- I'm connected to "professionally" on LinkedIn.

I can't come up with any logic for the recommendations outside of FB using my network and/or email address to triangulate my LI identity and then comparing the connections between the two services to make suggestions.

If this is happening - is it smart or creepy?

Prohibition Homebrew

Check out my friend Alex Foley's latest venture -

Prohibition Homebrew is an e-commerce site specializing in homebrewing supplies, ingredients, etc.  They're doing some smart stuff through Facebook Connect to cultivate a community of homebrewers.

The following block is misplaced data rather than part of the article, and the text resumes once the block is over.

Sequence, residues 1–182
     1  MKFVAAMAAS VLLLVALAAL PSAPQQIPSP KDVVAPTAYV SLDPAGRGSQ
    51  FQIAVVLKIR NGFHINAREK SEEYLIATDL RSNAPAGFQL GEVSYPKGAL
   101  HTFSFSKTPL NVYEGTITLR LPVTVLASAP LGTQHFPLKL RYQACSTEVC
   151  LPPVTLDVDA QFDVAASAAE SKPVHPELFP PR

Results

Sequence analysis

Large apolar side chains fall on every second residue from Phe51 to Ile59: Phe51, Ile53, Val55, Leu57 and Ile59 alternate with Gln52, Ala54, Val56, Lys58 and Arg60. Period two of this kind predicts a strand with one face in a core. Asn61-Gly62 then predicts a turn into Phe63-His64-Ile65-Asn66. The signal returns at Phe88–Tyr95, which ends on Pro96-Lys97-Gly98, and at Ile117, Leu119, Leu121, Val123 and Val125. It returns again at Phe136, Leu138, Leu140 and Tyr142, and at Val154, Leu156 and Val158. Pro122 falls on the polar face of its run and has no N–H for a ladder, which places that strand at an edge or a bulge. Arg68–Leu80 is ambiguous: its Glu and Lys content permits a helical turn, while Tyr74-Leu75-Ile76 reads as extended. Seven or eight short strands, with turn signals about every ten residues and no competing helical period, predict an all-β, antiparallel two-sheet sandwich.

From their site:

Prohibition Homebrew is the world's first fully integrated online community where homebrewers can share their recipes as well as track and document each batch of beer throughout the brewing process. Users can share photos, videos, equipment recommendations, and shop for necessary items in the online store. Each Speakeasy Community member can record and store data on every batch of beer they brew in order to improve and perfect their recipes.

Spread the word to your brewmaster friends!

Custom Choice Cereal

My friend Hajo is launching an online business in Chapel Hill called Custom Choice Cereal.  You can check out an early version of his site here.

Brief description from the site: